Make us your home page

Today’s top headlines delivered to you daily.

(View our Privacy Policy)

Health line

Briefs: Gay teens face bias in school, legal systems

gay teens face bias in school, legal systems

Gay, lesbian and bisexual teens in the United States are far more likely to be harshly punished by schools and courts than their straight peers, even though they are less likely to engage in serious misdeeds, according to a study published Monday in the medical journal Pediatrics. The findings were based on a national sample of more than 15,000 middle and high school students. Several high-profile bullying and suicide cases across the country have highlighted the harassment of these adolescents by their peers; the new data suggest they also suffer a hidden bias when judged by school and legal authorities. Kathryn Himmelstein, the study's lead author, initiated the research while an undergraduate student at Yale University. Researchers found lesbian, gay and bisexual youths were only slightly more likely to report minor and moderate nonviolent misbehavior, but less likely to engage in serious crimes and violence than their straight peers. Gay teens also were more likely to have been expelled from school.

Florida slips in U.S. health ranking

More Florida children are living in poverty, residents continue to get fatter, and more of us don't have health insurance — three reasons why Florida has dropped from 35 to 37 in this year's America's Health Rankings. The report has been compiled by United Health Foundation, a nonprofit arm of UnitedHealthcare insurance, for the past 20 years. Vermont tops the list as the healthiest state; Mississippi is at the bottom. On the plus side, the survey found that Floridians are smoking less, there have been improvements in cancer and cardiovascular disease control, violent crime has declined, and children are immunized at high rates. For more details, go to

Crash diet before holidays bad idea

Need another reason to take the steady approach to weight management? Consider this: Yo-yo dieting may make you more vulnerable to packing on the pounds, according to a study in the Journal of Neuroscience. Under stressful situations, mice on calorie-restricted diets had escalated amounts of the stress hormone corticosterone, and exhibited symptoms of depression. There was a transformation in the DNA of the mice as well — genes that control eating and stress had changed, and those changes remained after the mice ate enough to go back to their normal, higher weights. While stressed, dieting mice ate more fatty foods than mice that had not dieted. "These results suggest that dieting not only increases stress, making successful dieting more difficult, but that it may actually 'reprogram' how the brain responds to future stress and emotional drives for food," study co-author Tracy Bale of the University of Pennsylvania said in a news release.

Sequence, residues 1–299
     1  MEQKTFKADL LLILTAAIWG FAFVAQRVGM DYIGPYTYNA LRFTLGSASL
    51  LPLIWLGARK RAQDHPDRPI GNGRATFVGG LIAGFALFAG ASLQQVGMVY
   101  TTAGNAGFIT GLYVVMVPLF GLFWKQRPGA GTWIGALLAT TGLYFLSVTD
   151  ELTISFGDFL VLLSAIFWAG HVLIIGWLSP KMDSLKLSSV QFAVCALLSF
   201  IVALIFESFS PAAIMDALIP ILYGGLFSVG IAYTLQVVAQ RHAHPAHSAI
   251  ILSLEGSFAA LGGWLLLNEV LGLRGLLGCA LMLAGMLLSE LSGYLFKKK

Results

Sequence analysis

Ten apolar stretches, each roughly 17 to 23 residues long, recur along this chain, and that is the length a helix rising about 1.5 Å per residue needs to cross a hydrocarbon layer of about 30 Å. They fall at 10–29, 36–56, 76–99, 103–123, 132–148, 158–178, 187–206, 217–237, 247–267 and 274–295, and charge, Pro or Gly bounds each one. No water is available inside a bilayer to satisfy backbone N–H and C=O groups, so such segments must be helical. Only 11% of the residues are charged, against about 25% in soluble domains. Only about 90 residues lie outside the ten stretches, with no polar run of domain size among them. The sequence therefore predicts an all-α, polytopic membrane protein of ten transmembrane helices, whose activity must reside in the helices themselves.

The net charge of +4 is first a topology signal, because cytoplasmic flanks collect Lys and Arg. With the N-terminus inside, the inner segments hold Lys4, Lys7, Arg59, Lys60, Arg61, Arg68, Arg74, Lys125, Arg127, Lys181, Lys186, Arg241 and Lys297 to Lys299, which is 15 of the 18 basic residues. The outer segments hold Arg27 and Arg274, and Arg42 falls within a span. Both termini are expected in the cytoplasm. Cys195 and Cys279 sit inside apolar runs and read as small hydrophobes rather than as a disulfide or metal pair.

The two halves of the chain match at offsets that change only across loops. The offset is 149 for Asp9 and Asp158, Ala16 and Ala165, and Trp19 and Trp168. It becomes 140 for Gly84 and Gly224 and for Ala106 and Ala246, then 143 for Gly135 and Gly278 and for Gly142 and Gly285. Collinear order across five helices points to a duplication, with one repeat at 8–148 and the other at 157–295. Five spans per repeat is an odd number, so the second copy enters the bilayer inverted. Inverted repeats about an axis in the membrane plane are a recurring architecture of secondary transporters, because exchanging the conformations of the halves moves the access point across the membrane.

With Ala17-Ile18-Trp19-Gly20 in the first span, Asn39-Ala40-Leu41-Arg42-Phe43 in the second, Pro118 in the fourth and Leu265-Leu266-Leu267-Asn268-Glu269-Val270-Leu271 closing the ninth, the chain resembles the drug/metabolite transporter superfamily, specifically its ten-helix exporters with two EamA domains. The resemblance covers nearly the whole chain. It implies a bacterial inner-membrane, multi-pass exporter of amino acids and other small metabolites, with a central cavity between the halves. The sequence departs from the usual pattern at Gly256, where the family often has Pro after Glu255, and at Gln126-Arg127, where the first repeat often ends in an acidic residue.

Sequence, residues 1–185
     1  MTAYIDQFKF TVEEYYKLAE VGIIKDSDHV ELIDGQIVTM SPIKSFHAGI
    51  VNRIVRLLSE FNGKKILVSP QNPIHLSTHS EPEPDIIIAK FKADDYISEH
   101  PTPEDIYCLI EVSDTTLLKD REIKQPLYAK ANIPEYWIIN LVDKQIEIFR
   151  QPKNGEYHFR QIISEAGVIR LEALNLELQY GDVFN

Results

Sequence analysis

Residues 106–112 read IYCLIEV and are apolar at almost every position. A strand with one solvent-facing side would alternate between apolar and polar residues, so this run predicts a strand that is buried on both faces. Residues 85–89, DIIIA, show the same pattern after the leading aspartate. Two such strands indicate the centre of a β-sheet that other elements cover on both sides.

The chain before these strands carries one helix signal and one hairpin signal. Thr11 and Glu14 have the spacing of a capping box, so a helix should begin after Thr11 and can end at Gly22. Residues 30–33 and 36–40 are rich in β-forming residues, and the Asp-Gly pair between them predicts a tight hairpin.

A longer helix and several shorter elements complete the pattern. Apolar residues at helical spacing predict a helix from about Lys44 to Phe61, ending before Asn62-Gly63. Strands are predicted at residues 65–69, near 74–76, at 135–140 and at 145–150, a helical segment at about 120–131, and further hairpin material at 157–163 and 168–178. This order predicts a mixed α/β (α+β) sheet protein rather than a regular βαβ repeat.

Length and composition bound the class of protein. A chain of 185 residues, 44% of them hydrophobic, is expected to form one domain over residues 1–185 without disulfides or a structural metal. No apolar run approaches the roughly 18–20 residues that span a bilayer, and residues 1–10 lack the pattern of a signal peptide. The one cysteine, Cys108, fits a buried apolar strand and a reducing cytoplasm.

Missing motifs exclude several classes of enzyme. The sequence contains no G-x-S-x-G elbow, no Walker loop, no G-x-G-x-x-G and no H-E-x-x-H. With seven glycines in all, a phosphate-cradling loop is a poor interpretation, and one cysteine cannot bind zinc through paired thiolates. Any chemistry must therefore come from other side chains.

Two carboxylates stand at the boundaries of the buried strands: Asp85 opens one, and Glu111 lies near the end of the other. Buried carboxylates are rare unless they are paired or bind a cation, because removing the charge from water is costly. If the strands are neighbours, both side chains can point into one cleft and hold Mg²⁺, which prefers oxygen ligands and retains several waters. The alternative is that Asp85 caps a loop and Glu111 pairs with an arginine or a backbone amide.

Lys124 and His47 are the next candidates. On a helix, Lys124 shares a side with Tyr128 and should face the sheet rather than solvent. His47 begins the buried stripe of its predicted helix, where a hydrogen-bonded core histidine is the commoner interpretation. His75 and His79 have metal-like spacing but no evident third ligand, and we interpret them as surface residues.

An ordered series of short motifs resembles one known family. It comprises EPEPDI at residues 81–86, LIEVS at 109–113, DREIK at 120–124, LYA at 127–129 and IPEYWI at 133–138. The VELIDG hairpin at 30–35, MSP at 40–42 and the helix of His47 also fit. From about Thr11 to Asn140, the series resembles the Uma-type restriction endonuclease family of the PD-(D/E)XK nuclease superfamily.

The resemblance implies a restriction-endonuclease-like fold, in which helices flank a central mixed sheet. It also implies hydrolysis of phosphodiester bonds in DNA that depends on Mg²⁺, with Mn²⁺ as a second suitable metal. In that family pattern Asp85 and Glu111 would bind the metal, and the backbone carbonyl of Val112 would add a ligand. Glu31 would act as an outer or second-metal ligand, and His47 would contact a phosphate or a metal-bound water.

Times staff, wires

Briefs: Gay teens face bias in school, legal systems 12/08/10 [Last modified: Wednesday, December 8, 2010 5:46pm]
Photo reprints | Article reprints

© 2017 Tampa Bay Times


Join the discussion: Click to view comments, add yours

  1. Rays shut out Angels to cap homestand, get back to .500 (w/video)

    The Heater

    ST. PETERSBURG — The Rays completed their seven-game homestand Thursday with a 4-0 victory against the Angels, a win that moved them back to .500 for the season.

  2. Pasco county lawyer disbarred for taking woman's money

    Real Estate

    NEW PORT RICHEY — The Florida Supreme Court on Thursday disbarred Pasco County attorney and former congressional candidate Constantine Kalogianis.

    The Florida Supreme Court on Thursday disbarred Pasco County attorney and former congressional candidate Constantine Kalogianis. 
[2016 booking photo via Pasco County Sheriff's Office]
  3. Florida Transportation Commission nominates three finalists for DOT secretary


    The short-list for Florida’s next transportation secretary is out, and the three nominees include current and former department employees along with a member of the Florida Transportation Commission, the board which selects the nominees.

  4. Greek ex-prime minister hurt as letter bomb explodes in car


    ATHENS, Greece — Former Greek Prime Minister Lucas Papademos was injured after a letter bomb exploded inside his car in a central Athens on Thursday in an attack that also left two Bank of Greece employees wounded.

    Greek police experts search for evidence at the scene of an explosion site in Athens, on Thursday. An explosion inside a car in Greece's capital wounded former Prime Minister Lucas Papademos on Thursday, police said. His injuries were not considered to be life-threatening. [AP Photo/Yorgos Karahalis]
  5. Rick Scott signs package of tax breaks

    State Roundup

    TALLAHASSEE — Gov. Rick Scott signed a tax-cut package Thursday that — while vastly scaled back from what he wanted — eliminates the so-called "tampon tax" and offers tax holidays for back-to-school shoppers and Floridians preparing for hurricane season.

    Florida Governor Rick Scott signed a tax cut package that will cost state coffers $91.6 million during the upcoming year. [Joe Raedle | Getty Images]